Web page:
Fast forward a few hundred years, and a painful burn experienced by French chemist René-Maurice Gatttefossé gave birth to the word commonly used to describe the use of essential oils today – Aromatherapy. While working in his laboratory, Gatttefossé quenched a bad burn when, out of reflex, he plunged his arm into the nearest liquid, a vat of Lavender oil. He was amazed by how quickly the burn healed, and without scarring. This piqued his interest in essential oils even further, and through his study and definitive writings on the subject, Gatttefossé is now remembered as one of the pioneers of Aromatherapy. In 1937 he published the book, Aromathérapie: Les Huiles essentielles hormones végétales (later translated into English as Gatttefossé’s Aromatherapy), which is still in print today. History of Aromatherapy A Brief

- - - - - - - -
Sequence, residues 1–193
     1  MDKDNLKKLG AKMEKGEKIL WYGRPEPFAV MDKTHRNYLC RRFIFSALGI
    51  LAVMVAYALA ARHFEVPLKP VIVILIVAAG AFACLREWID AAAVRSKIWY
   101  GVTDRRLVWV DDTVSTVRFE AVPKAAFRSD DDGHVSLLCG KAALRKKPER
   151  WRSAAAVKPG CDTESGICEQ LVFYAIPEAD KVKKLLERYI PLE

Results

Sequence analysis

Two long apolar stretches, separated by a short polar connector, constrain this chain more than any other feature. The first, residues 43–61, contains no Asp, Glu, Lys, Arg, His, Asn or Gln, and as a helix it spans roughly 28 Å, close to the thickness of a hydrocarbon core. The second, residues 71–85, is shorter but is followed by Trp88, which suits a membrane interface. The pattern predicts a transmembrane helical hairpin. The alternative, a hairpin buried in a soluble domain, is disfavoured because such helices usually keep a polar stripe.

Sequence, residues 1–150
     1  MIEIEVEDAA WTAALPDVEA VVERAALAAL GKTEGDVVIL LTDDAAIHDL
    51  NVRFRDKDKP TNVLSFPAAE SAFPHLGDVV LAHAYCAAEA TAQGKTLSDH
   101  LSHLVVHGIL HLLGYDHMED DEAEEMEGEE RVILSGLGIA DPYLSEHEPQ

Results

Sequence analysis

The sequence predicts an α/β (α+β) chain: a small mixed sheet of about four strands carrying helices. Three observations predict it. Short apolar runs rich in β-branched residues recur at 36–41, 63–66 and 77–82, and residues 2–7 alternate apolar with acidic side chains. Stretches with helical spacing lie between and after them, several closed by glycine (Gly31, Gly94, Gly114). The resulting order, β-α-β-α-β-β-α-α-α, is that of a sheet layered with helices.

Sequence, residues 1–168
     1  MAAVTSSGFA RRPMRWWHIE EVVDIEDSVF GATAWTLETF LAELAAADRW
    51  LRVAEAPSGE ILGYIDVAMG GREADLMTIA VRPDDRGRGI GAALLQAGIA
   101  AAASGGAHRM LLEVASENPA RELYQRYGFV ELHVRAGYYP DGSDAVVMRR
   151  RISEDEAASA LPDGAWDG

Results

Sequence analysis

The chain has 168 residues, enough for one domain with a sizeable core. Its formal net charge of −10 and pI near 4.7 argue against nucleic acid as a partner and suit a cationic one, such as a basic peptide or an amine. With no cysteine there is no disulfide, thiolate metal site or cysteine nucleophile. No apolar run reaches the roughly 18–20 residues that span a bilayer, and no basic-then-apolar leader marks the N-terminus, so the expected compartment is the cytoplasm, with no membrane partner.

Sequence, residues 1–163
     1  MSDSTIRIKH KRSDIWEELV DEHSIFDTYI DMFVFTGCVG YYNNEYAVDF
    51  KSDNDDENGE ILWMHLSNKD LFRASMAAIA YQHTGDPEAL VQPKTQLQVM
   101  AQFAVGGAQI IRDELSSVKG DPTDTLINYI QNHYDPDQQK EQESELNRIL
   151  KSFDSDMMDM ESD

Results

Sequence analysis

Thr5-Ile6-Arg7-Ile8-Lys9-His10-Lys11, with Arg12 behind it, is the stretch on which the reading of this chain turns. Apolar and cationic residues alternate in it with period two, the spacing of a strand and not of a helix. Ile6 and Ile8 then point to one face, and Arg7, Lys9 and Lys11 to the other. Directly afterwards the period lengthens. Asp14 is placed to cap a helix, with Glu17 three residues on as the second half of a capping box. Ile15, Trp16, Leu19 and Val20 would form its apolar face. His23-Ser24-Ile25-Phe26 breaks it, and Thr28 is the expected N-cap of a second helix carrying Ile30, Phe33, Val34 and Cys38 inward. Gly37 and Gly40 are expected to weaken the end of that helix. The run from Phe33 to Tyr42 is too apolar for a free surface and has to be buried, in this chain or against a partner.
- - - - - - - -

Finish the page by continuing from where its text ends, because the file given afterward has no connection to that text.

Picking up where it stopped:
The Ancient Egyptians, Indians, Chinese and Romans have all used aromatic plants for spiritual, ritual and therapeutic purposes throughout history. One of the earliest aromatic formulas, called Kyphi, contained sixteen aromatics, including saffron, cassia, spikenard, myrrh, juniper, calamus, cinnamon and frankincense. Kyphi was used as an incense, a perfume and was even used for medicinal purposes. In 1922, when Tutankhamen’s tomb was opened, a vessel was found containing Kyphi. It still had an odour after all those centuries. ﷯The Arabic physician Avicenna (AD 980 - 1037) was the first to be credited with the process of distillation of plants, which was used to obtain essential oils and aromatic waters. Hippocrates, considered the father of modern medicine, once said, “The key to good health rests in having daily aromatic baths and a scented massage". In 1910, the French chemist René Maurice Gattefossé discovered the healing properties of lavender oil, after severely burning his hand in a laboratory explosion. Gattefossé introduced the term “aromatherapy” in the 1937 publication of his book, Aromathérapie: Les Huiles Essentielles, Hormones Végétales, and thus began the use of essential oils for therapeutic application. The account of the incident, in Gattefossé’s words: ﷯"The external application of small quantities of essences rapidly stops the spread of gangrenous sores. In my personal experience, after a laboratory explosion covered me with burning substances which I extinguished by rolling on a grassy lawn, both my hands were covered with a rapidly developing gas gangrene. Just one rinse with lavender essence stopped "the gasification of the tissue". This treatment was followed by profuse sweating, and healing began the next day (July 1910)." French doctor Jean Valnet used essential oils to treat medical and psychiatric disorders and published his book Aromatherapie in 1964. Others involved in the development of aromatherapy include Robert Tisserand, and Pierre Franchomme & Dr. Daniel Pénoël.